Guilting people is not uplifting and makes no sense to do it. What about the guy who works second shift and can’t be to an event because he needs to work? I go to absolutely no church picnics. I am heat intolerant. The pavilion at the church is completely in the sun and inevitably they always land on days that it is 90 degrees out. No one tries to guilt me for that. Fact is there are several other people in the congregation with MS and have the same problem and don’t go to the picnics.

    Our commitment should be to God. Missing for a child’s sporting event is not the worst thing in the world. Now if Mr or Mrs Whomever is missing church because they are at a bar or strip club, then I might see a problem. Actually, I would see a problem even if they weren’t missing church for those purposes. That would not be very Christ like. Jesus loves our children and parents need to pass on that love.

    I have had times when I have felt explanations were needed, but I don’t anymore. I hope that you no longer do either.


  4. I don’t know who Kevin DeYoung is, but I live in Michigan and am glad not to have run across him.


  5. Brenda,
    Kevin is in Lansing, Michigan. The church is right across from the University of Michigan. Is that “Go Green” or “Go Blue”? The congregation has recently voted to join the Presbyterian Church of America ( PCA).

    I actually pray for Kevin. He’s Dutch, from a Dutch Reformed family that went to church morning and evening. It’s all he knows. But there is neither Jew nor Greek…nor Dutch in the body of Christ.


  6. Carmen,
    U of M would be “Go Blue”.
    I grew up in church where we went Sunday morning and night and Wednesday night. Sunday morning and night were sermons, Wednesday nights Bible study. But no one would question your salvation or say you were going to hell if you didn’t attend all of those. We do know what we are trained to know, think or feel.

    The church I attend at the present has Sunday morning sermon, Sunday night Bible study, Wednesday night varies depending on what they decide for that year. There are no Sunday night or Wednesday night events in the summer, unless it is a picnic. I had a hard time adjusting to that. We know what we are trained to do. I’m no different. Knowing more of the story helps to understand.


  7. I never hear them say go to church or hell. That would not work with most people. It is much more flowery and subtle than that. It is presented as imperative to your spiritual health to be involved in a “local church”, having accountability and in “covenant relationships”, etc, etc. Ever notice when negative comes out they will jump on bandwagon, :”that is a local church issue” to shut folks up? What they do is edify the local church to the point that people start taking it in as Holy Grail. Scripture is taught and read through that lens.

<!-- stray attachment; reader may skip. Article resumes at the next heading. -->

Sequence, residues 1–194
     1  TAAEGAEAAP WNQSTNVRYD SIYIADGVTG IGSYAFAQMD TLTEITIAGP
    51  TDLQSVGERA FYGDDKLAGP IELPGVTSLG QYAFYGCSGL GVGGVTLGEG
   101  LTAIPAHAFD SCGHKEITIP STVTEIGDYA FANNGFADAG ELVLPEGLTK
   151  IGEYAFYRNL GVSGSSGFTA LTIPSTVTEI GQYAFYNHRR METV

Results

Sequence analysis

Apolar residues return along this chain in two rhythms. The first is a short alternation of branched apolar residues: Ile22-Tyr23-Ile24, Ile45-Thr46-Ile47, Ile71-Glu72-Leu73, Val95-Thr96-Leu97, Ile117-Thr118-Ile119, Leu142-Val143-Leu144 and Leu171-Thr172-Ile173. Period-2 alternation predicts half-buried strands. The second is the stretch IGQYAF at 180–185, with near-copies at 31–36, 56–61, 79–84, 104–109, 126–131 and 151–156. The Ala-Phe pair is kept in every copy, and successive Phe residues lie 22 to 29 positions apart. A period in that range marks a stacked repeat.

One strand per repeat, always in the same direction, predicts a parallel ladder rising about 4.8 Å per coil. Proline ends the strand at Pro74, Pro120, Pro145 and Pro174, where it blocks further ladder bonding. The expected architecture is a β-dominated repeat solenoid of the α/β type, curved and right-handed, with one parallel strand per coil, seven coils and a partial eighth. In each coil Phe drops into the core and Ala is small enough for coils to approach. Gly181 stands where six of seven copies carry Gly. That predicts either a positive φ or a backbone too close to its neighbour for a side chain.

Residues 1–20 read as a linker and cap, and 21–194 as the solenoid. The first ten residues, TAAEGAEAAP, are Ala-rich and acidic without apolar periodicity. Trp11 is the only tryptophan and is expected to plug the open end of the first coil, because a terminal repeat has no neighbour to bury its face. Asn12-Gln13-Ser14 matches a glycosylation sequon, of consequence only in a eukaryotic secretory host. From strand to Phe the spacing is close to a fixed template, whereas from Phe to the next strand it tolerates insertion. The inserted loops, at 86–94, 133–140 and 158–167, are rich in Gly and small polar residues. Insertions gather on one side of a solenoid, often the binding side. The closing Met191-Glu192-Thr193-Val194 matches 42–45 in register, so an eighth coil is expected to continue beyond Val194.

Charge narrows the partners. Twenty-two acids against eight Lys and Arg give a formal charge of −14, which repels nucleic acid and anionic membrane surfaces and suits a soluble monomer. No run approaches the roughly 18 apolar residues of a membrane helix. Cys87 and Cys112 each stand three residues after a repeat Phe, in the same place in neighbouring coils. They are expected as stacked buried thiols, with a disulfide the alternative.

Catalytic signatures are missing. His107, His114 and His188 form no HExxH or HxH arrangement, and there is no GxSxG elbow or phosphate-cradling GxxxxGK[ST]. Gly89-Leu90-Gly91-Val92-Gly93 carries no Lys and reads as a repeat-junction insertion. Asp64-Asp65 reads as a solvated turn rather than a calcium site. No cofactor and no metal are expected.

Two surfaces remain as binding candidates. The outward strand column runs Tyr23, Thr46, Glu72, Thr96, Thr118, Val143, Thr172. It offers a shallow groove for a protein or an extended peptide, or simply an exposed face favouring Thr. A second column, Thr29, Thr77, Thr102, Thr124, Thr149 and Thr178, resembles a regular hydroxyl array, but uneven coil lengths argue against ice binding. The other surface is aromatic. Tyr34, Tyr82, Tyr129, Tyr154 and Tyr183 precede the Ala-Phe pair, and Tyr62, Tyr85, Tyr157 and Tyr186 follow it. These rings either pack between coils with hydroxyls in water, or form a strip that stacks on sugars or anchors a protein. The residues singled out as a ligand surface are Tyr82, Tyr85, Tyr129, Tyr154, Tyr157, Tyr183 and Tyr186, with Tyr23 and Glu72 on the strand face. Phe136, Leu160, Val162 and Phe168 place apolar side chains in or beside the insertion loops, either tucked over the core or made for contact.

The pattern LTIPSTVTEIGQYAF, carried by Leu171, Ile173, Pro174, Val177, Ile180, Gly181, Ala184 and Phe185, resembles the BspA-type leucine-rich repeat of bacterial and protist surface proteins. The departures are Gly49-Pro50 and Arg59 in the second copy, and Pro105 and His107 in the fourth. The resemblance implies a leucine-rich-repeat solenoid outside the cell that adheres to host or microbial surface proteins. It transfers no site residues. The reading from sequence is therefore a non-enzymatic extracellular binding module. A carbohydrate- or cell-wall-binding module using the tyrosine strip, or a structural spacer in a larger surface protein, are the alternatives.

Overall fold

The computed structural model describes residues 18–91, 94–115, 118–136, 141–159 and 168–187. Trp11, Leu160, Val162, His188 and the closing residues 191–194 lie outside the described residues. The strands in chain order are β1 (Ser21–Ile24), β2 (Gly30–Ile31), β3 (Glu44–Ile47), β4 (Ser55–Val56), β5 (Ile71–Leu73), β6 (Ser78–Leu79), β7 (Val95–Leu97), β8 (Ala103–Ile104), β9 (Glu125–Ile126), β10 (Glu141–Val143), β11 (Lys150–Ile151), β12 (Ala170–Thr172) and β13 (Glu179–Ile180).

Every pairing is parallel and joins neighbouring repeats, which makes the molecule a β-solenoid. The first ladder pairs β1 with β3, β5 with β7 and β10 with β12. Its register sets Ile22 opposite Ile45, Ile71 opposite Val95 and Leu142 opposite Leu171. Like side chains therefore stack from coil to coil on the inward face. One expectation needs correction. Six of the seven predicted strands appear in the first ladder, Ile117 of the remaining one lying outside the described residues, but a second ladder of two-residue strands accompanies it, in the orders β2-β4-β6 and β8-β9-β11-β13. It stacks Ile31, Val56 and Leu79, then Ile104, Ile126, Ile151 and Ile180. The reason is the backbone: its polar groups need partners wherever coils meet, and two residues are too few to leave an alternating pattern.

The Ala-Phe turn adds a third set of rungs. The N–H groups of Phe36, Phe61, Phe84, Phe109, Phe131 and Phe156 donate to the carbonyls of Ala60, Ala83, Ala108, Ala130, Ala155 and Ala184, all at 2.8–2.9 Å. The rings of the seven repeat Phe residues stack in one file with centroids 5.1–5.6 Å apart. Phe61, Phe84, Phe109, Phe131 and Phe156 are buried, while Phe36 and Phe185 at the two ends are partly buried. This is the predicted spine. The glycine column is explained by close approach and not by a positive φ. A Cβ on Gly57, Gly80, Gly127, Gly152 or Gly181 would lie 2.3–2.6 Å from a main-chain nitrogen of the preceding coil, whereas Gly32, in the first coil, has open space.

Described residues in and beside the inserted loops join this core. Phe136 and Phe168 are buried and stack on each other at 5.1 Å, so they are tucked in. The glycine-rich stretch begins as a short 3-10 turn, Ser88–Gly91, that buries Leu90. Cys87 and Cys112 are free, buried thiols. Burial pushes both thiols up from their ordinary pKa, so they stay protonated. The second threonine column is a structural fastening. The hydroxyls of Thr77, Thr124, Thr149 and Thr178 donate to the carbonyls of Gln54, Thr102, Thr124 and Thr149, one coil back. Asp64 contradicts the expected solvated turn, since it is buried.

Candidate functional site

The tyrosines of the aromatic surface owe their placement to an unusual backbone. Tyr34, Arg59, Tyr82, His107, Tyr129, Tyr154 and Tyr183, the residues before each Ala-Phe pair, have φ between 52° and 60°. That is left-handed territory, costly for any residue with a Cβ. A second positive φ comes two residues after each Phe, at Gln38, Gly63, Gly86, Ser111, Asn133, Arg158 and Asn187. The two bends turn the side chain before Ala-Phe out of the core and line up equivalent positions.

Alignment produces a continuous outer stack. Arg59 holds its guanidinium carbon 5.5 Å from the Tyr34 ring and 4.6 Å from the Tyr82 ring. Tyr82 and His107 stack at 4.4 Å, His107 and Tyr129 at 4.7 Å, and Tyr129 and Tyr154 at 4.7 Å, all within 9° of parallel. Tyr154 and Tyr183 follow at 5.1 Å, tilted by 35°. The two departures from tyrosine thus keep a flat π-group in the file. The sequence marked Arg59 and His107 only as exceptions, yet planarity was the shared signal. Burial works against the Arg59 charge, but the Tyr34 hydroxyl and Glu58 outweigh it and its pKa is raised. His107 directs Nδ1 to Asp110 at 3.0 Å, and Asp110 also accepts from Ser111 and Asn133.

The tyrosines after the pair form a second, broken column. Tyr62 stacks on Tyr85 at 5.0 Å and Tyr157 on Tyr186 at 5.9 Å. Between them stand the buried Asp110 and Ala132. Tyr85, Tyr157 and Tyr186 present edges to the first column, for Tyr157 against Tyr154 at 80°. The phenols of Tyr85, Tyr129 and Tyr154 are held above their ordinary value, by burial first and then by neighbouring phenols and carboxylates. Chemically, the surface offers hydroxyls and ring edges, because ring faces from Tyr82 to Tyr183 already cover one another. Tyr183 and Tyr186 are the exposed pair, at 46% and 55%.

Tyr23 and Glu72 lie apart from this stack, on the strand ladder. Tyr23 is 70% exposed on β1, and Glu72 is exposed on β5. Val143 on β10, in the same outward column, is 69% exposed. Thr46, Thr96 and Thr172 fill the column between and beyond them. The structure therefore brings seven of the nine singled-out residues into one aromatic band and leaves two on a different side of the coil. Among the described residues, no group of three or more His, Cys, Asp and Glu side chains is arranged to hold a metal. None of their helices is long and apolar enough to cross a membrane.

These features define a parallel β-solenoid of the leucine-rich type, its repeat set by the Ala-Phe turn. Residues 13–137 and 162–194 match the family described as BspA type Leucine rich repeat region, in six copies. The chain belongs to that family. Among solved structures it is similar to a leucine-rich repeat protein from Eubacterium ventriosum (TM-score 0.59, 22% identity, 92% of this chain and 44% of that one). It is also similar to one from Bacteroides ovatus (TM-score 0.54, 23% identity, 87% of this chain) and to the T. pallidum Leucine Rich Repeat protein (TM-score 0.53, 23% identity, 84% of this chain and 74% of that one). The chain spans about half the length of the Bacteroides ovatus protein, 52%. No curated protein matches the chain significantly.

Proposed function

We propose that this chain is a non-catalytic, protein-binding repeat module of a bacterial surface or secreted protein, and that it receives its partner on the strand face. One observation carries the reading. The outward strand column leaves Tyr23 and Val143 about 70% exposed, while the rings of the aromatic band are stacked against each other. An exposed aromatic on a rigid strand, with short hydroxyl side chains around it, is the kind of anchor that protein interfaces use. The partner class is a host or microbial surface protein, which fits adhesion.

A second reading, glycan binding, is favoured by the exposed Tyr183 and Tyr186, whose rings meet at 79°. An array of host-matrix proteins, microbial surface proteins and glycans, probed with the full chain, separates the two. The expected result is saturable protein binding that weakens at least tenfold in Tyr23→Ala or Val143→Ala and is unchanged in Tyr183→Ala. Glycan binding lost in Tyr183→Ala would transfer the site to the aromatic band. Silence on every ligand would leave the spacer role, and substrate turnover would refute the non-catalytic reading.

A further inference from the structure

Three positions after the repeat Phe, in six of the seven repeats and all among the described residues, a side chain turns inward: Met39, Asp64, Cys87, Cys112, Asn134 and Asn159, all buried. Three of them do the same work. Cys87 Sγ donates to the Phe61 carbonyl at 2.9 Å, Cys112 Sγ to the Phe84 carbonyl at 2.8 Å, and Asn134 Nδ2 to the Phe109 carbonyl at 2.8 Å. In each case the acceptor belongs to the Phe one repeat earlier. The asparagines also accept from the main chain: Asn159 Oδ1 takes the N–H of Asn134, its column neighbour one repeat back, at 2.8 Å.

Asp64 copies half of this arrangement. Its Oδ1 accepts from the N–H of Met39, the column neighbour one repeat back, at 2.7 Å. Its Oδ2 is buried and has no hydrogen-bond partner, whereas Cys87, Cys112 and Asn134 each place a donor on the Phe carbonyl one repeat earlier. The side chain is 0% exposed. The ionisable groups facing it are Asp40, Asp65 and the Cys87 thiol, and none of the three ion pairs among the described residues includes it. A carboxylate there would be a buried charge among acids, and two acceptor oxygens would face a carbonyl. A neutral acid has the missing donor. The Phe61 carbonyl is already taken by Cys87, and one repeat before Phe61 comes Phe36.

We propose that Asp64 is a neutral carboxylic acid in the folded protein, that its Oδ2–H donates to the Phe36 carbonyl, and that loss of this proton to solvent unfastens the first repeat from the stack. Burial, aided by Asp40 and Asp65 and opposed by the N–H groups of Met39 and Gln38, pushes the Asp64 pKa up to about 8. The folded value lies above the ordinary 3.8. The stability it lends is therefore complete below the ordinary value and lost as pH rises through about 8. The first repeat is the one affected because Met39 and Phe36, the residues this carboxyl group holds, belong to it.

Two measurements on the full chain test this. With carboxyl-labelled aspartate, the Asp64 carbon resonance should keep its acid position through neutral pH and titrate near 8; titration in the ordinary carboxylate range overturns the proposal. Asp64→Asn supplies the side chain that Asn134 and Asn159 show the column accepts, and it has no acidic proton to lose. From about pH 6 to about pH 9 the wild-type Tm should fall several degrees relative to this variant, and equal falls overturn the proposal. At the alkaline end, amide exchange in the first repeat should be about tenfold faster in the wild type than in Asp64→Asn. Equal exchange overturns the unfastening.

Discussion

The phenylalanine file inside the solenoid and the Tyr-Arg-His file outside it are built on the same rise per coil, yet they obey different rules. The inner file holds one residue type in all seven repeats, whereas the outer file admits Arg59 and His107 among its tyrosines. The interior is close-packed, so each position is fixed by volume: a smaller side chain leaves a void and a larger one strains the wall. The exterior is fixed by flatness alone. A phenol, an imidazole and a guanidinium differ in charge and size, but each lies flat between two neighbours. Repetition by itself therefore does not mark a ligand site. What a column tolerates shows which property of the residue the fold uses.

There are many such concepts that are not technically true — taught that way that become “orthodox” Christianity. (And “orthodox” simply means man decided it was so)


  8. To paulspassingthoughts or anyone else able to answer, what does salvation look like, and act like? How does a saved person live and think about God? Since most of us have been fed various flavors of errors, from Calvin on down, please shed some light.


  9. Waking Up,

    That question deserves a post. I will clear my schedule this morning and write it. the link will be forthcoming.


  10. Re:
    “Can High-Controlling Pastors Lead Their Members into Depression and Even Suicide?”

    I believe so, yes.

    A few years ago, I read about a Christian teen raised in a pretty strict Christian family. The parents were too over-bearing in things like what television shows the kid was allowed to watch.

    At some point the parents were upset with the boy, because he was not being as obedient as he had been before. So, they called in their church pastor to go through his bedroom and find any bad influences of whatever (the parents were assuming the kid was under Satanic influence via secular entertainment).

    So, the pastor goes through the teen boy’s room and found a few comic books, video games, and I think a few secular pop music cassette tapes.

    This is when this kid snapped. He had it with Christianity.

    That his parents were so controlling, he rejected the Christian faith. He said he was an atheist, and he deliberately set out to break as many Christian rules / Ten Commandments as he could, including having gay sex (though he was hetero), etc.

    At one stage around this point, he was posting to a forum for people who were ex Christian or atheist or what not. His peers on the forum noticed over a period of weeks or months that something was very, very wrong. They were afraid he may hurt himself or someone else.

    So, they contacted a psychiatrist or therapist lady who was well known for counseling those leaving cults (including mainstream Christian denominations, such as Baptists, etc). The woman doctor did e-mail the kid a few times and tried to get him help, but it didn’t work.

    Finally, he killed himself. I think he tried to shoot others too before that happened(?).

    I forget now what the teen boy’s name was, but it was all over the media, if you Googled for his name, you could find it all over the place.

    Anyway, I was talking to this lady from my dad’s church about this.

    I was trying to tell her that sometimes Christians, even well meaning ones, can be TOO strict and thus push kids or others AWAY from the faith.

    The church lady actually sat there and asked me, “Do you really think it was the parents who pushed him away, or do you think Satan saw an opening with this boy, and Satan was pushing him?”

    I sat there aghast. I don’t remember how I replied to Church Lady, but between all of you here and me, I don’t think it was Satan that caused that kid to feel trapped and nuts and to commit suicide.

    It was his over-zealous parents who were stripping him of agency, fun, and cramming Jesus and legalism down his throat. The kid was like a prisoner of war in his own home, due to his Christian parent’s hyper zealous religion.

    I do believe that some Christians can and do push people away from Jesus and the faith and into turning atheist, Wiccan, New Age, etc.


  11. Re: “So, the pastor goes through the teen boy’s room and found a few comic books, video games, and I think a few secular pop music cassette tapes.”

    And, the preacher put them in a garbage bag, and threw them in the trash. I forgot to add that part.